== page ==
• It was written by Ramamatya of Kondavidu (Andhra Pradesh) in 1550.
      • It describes 20 janak and 64 janya ragas.
  • Later, in 1609, one Somanatha wrote Ragavibodha in which he incorporated some concepts of the North Indian style.
    • It was sometimes in the middle of the 17th century that a famous treatise on music, called Caturdandi-prakasika was composed by Venkatamakhin in Thanjavur (c. 1650).
    • The system propounded in the text has come to form the bedrock of the Carnatic system of music.


Hindustani School of Music

Historical development:

  • Hindustani classical music is the Hindustani or North Indian style of Indian classical music found throughout Eastern Pakistan and North India.
    • The style is sometimes called North Indian classical music or Shastriya Sangit.
    • It is a tradition that originated in Vedic ritual chants and has been evolving since the 12th century CE, in North India.
  • It is traditional for performers who have reached a distinguished level of achievement to be awarded titles of respect; Hindus are usually referred to as pandit and Muslims as ustad.
    • An aspect of Hindustani music going back to Sufi times is the tradition of religious neutrality: Muslim ustads may sing compositions in praise of Hindu deities, and vice versa.
  • Around the 12th century, Hindustani classical music diverged from what eventually came to be identified as Carnatic classical music.
    • The central notion in both these systems is that of a melodic mode or raga, sung to a rhythmic cycle or tala.
    • The tradition dates back to the ancient Samaveda, (sama meaning “song”), which deals with the norms for chanting of srutis or hymns such as the Rig Veda.
    • These principles were refined in the musical treatises Natya Shastra, by Bharata (2nd–3rd century CE), and Dattilam (3rd–4th century CE).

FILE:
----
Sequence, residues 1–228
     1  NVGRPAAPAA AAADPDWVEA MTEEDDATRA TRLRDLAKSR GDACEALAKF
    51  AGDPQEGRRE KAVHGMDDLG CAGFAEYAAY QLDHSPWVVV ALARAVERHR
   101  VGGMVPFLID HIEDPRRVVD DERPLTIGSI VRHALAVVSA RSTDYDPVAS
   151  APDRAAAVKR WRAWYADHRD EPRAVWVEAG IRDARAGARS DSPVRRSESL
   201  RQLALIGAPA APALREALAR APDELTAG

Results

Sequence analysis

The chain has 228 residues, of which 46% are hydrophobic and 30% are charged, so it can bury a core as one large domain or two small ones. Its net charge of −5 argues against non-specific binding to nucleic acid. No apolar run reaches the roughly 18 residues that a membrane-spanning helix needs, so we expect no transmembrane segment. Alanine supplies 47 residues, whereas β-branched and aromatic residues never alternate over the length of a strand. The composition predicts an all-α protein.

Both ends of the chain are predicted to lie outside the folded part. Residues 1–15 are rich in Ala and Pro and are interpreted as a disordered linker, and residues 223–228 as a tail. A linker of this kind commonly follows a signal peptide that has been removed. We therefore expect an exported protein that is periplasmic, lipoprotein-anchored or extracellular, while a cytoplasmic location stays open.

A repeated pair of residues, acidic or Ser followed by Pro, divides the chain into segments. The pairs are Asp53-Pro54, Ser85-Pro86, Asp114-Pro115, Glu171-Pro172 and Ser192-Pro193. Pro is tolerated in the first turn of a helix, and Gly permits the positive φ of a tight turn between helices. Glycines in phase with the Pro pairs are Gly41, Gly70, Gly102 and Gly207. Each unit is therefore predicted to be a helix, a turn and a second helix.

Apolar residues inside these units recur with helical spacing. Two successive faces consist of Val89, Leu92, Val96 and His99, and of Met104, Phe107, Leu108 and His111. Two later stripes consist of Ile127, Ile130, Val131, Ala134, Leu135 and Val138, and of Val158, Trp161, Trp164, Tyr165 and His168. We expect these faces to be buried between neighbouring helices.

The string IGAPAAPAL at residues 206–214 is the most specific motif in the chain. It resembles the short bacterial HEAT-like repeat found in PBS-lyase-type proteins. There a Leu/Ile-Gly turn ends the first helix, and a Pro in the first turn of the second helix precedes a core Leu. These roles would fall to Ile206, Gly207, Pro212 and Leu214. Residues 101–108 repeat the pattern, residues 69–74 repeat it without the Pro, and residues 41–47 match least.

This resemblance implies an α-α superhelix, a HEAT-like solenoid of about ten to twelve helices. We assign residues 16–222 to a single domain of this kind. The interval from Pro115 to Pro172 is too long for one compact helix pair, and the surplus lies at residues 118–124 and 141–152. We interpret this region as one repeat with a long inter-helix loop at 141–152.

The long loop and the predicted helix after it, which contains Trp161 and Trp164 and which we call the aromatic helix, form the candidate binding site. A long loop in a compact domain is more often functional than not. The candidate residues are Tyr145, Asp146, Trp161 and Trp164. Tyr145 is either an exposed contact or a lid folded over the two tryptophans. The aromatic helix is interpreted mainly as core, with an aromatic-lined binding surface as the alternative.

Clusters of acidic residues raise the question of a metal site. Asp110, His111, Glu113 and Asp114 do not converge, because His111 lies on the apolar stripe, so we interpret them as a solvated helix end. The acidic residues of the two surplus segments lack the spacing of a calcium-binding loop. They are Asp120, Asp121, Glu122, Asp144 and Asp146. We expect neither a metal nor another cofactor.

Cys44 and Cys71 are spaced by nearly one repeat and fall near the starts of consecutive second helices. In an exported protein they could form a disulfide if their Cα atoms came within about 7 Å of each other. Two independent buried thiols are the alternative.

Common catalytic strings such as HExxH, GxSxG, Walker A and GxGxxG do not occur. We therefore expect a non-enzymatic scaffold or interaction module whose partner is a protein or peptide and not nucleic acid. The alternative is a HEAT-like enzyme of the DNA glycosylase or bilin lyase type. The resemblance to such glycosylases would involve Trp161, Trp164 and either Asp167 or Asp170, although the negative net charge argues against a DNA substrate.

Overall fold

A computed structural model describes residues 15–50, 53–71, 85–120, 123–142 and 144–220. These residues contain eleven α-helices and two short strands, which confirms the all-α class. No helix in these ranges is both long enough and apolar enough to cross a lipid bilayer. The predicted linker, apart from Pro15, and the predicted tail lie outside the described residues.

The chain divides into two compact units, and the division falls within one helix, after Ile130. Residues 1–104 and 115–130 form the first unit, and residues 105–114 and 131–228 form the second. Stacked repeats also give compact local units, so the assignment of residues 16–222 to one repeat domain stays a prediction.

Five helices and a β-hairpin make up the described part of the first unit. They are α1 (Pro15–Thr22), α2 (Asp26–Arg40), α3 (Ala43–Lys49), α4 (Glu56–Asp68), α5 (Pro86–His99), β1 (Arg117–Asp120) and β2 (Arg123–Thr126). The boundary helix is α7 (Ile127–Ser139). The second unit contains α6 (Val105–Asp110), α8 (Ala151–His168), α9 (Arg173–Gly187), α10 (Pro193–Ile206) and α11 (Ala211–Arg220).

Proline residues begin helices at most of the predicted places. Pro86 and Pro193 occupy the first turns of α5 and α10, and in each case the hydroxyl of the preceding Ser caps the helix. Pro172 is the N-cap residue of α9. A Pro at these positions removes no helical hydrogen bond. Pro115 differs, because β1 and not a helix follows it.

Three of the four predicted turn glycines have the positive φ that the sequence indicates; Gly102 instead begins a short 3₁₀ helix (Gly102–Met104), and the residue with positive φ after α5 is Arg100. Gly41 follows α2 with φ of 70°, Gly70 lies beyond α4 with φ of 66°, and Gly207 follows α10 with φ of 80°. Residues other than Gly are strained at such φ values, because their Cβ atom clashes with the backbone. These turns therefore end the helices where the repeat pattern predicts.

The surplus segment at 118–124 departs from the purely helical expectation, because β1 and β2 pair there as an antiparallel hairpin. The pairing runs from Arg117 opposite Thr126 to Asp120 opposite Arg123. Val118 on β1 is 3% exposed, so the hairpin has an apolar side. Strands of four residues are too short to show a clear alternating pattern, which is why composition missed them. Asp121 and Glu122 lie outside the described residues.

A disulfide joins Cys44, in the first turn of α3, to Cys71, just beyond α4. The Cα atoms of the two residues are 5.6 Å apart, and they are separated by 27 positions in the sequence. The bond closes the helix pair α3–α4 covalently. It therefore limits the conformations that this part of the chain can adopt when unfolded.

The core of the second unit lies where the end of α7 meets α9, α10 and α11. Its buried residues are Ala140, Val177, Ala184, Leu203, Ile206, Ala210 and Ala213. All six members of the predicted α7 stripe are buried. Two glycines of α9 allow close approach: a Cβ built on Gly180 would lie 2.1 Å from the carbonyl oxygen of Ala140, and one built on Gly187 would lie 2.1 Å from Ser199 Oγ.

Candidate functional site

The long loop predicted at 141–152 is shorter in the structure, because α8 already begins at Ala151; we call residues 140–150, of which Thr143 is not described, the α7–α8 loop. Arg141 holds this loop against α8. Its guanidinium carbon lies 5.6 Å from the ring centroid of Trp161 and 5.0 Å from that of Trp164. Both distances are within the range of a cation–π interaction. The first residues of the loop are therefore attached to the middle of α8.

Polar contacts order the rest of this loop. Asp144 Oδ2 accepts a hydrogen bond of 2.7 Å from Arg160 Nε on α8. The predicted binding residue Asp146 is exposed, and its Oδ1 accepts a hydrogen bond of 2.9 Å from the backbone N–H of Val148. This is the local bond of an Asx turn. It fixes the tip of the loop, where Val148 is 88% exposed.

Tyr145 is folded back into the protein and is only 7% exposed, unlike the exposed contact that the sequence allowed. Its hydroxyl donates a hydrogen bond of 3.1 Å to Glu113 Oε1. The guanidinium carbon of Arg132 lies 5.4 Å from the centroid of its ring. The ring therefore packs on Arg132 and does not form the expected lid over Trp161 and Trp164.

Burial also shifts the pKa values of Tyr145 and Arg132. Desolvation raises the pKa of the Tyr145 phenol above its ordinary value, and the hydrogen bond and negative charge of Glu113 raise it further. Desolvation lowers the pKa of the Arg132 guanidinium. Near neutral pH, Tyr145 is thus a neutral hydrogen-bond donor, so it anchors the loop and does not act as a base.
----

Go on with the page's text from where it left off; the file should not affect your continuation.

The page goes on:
• In medieval times, the melodic systems were fused with ideas from Persian music, particularly through the influence of Sufi composers like Amir Khusro, and later in the Moghul courts.
    • Noted composers such as Tansen (sometimes called the father of modern Hindustani classical music) flourished, along with religious groups like the Vaishnavites.
  • Tansen was composer in Persian, Turkish, Arabic, as well as Braj Bhasha, he is credited with systematizing many aspects of Hindustani music, and also introducing several ragas such as Yaman Kalyan, Zeelaf and Sarpada.
    • He created the qawwali genre, which fuses Persian melody and beat on a dhrupad like structure. A number of instruments (such as the sitar and tabla) were also introduced in his time.
  • At the royal house of Gwalior, Raja Mansingh Tomar (1486–1516 CE) also participated in the shift from Sanskrit to the local idiom (Hindi) as the language for classical songs.
    • He himself penned several volumes of compositions on religious and secular themes, and was also responsible for the major compilation, the Mankutuhal (“Book of Curiosity”), which outlined the major forms of music prevalent at the time.
    • In particular, the musical form known as dhrupad saw considerable development in his court and remained a strong point of the Gwalior gharana for many centuries.
  • Much of the musical forms innovated by these pioneers merged with the Hindu tradition, composed in the popular language of the people (as opposed to Sanskrit) in the work of composers like Kabir or Nanak.
    • This can be seen as part of a larger Bhakti tradition, (strongly related to the Vaishnavite movement) which remained influential across several centuries; notable figures include Jayadeva(11th century), Vidyapati (fl. 1375 CE), Chandidas (14th–15th century), and Meerabai (1555–1603 CE).